Skip to end of metadata
Go to start of metadata

1. Resize a volume, and attach to instance.
2. Create a Nexus Image, with a larger volume

1. How to Resize a EC2 Server's Disc Volume

This is instructions on how to resize a volume and attach to a Instance/Server.
The flow is to create a snapshot of the instance's volume, create a new larger volume, using the snapshot. Then, attach the new volume, resize it via linux command line, reboot and check to ensure all is well.

These steps are derived from the steps on this page http://alestic.com/2010/02/ec2-resize-running-ebs-root

  1. Determine the new size of the volume, such as 100GB or 256GBs
  2. Get the existing instance id, volume id and zone ( for instance, us-east-1d )

    a. Instance Id - i-c54152a6
    b. Volume Id - vol-7b596916
    c. Zone - us-east-1d
    d. server file system root name: such as /dev/sda1 or /dev/xvde1 (log on the server and cd / and then df -h . note the name and log off. )
    e. note: volume tagId and snapshot tagId, as they will need be applied to the newly created media via ec2-create-tag command or via EC2 Console
    f. note: the legacy volume and snapshot will need to have their tagId appended with .legacy, for instance ci.ws= ci.ws.legacy or ci.ws.oldsize.legacy
    
  3. Ensure you are running from your local machine and have logged out of the instances under update
  4. Stop the instance, detach the volume and create a new snapshot

    ec2-stop-instances i-c54152a6
    ec2-detach-volume vol-7b596916
    
  5. Create a new volume from the new snapshot. - Lessons Learned from this: if a snapshot of a volume has not been accomplished in the last week or two, plan on a 12-24 hour period to capture the volume via a snapshot. Best to do periodic captures and not get into this pickle.

    ec2-create-snapshot vol-7b596916
    
  6. Get the new snapshot id - snap-4b334431

    ec2-describe-snapshots
    
  7. The --size parameter indicates the size in gigabytes for the new volume

    ec2-create-volume --availability-zone us-east-1d-example  --size 256-example --snapshot snap-4b334431
    
  8. Get the new volume id - vol-697a4c05

    ec2-describe-volumes
    
  9. Attach the new volume to the instance

    ec2-attach-volume --instance i-c54152a6 --device /dev/sda1 vol-697a4c05
    
  10. Tag new media and apply legacy tags to legacy (old) media - duplicate the tag id from the original volume, such as ci.ws or ci.foundation
  11. Tag Volumes-legacy

    ec2-delete-tag vol-02239a91-example --tag "Name=ws.rice-example"
    ec2-create-tag vol-02239a91-example --tag "Name=ws.rice.156.legacy"
    
  12. Tag Volumes-New

    ec2-create-tag vol-697a4c05-example --tag "Name=ws.rice-example"
    
  13. Tag Snapshot-legacy

    ec2-delete-tag snap-048950e-example --tag "Name=ws.rice-example"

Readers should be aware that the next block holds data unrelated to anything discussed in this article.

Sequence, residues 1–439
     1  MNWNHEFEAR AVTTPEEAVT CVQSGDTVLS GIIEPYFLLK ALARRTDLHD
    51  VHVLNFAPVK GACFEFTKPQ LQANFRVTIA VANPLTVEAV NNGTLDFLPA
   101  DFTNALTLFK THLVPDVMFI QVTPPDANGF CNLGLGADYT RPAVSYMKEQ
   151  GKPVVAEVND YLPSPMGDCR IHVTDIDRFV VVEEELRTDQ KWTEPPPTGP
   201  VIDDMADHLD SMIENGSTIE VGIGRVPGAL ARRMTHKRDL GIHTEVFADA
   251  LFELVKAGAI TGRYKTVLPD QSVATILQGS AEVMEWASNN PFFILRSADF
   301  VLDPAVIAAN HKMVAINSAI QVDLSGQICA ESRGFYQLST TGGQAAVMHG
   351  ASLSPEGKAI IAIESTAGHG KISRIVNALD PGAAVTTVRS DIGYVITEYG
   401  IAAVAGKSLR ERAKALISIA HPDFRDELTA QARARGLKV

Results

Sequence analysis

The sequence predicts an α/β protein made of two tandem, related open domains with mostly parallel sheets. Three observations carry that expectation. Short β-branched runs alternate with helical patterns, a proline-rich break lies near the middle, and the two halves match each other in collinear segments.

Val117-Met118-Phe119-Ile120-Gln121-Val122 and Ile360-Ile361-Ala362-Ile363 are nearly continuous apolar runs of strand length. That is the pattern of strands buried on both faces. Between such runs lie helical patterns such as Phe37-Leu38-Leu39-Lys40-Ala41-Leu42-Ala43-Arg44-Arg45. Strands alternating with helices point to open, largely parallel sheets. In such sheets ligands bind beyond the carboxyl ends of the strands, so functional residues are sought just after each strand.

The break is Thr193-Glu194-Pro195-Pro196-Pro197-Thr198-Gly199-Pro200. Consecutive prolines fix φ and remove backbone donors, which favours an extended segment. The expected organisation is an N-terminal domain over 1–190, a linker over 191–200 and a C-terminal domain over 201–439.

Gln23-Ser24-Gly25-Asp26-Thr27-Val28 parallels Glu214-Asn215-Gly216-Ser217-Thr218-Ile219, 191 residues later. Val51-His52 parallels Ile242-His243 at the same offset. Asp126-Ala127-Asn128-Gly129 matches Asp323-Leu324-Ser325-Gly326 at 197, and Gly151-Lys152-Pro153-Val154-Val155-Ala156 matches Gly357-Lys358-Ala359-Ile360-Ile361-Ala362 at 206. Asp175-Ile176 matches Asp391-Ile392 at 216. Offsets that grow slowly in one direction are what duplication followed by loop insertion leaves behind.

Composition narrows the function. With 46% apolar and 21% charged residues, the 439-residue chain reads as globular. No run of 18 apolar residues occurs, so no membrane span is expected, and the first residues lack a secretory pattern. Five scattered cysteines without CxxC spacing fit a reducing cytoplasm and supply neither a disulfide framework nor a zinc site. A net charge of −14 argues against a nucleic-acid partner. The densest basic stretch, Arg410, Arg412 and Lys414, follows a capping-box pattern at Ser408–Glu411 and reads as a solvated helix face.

ec2-create-tag snap-048950e-example --tag "Name=ws.rice.156.legacy"
    
  14. Tag Snapshot-New

    ec2-create-tag snap-4b334431-example --tag "Name=ws.rice-example"
    
  15. Re-start the instance

    ec2-start-instances i-c54152a6
    
  16. ssh into the instance and resize the root file system

    sudo resize2fs /dev/sda1-example ( see 2.d )
    
  17. Show that the root file system is the new, larger size (60 GB):

    df -h
    
  18. Restart Applications on Server as needed, such as tomcat
  19. Reset any DSN/Addressing redirection information

    Impact Areas to be aware of

  20. Workspace Server, (ci.ws.server) has hard coded variables which need review

    Update [https://svn.kuali.org/repos/foundation/trunk/kuali-ci/pom.xml]
    <image.ebs.volumeSize>256</image.ebs.volumeSize>
    <ws.server.volumeId>vol-f014608a</ws.server.volumeId>
    Follow update procedure [http://ci.rice.kuali.org/job/update-ci-configuration/]
    

2. Create a New EC2 Nexus Image with resized volume.

  • capture the old size volume with a snapshot
  • create the image, and launch the instance
  • resize the disk on that instance
  • capture the newly sized volume with a snapshot
  • create a Image from this snapshot
  • remove the pre-sized Image,snapshot,
  • remove the post-sized Instance
  • add tag to
    1. snapshot
    2. volume
    3. image
  1. Determine the new size of the volume

    500
    
  2. Get the existing instance id, volume id and zone

    a. Instance Id - i-bdf85cc0
    b. Volume Id - vol-132fbf69
    c. Zone - us-east-1d
    d. kernal - aki-94c527fd
    e. RAM Disk ID - ari-96c527ff
    f. Key Pair Name - kf-key
    g. server file system root name:  /dev/sda1 cd / and then df -h . note the name and log off. )
    h. note: volume tagId and snapshot tagId, as they will need be applied to the newly created media via ec2-create-tag command or via EC2 Console
    i. note: the legacy volume and snapshot will need to have their tagId appended with .legacy, for instance ci.ws= ci.ws.legacy or ci.ws.oldsize.legacy
    
  3. Create a new snapshot from the Nexus Volume ID - Legacy-Snapshot-60

    ec2-create-snapshot vol-132fbf69 -d nexus-60-legacy
    
  4. Wait for the snapshot to complete to 100%, Note the Snapshot id

    legacy-snapshot-60 id: _____________
    
  5. Create the Pre-Sized AMI using the new snapshot id

    ec2-register -n nexus-500.presized -d Nexus-500.presized  --kernel aki-94c527fd --architecture i386 --ramdisk ari-96c527ff --root-device-name /dev/sda1 -b /dev/sda1=snap-12345678:500:true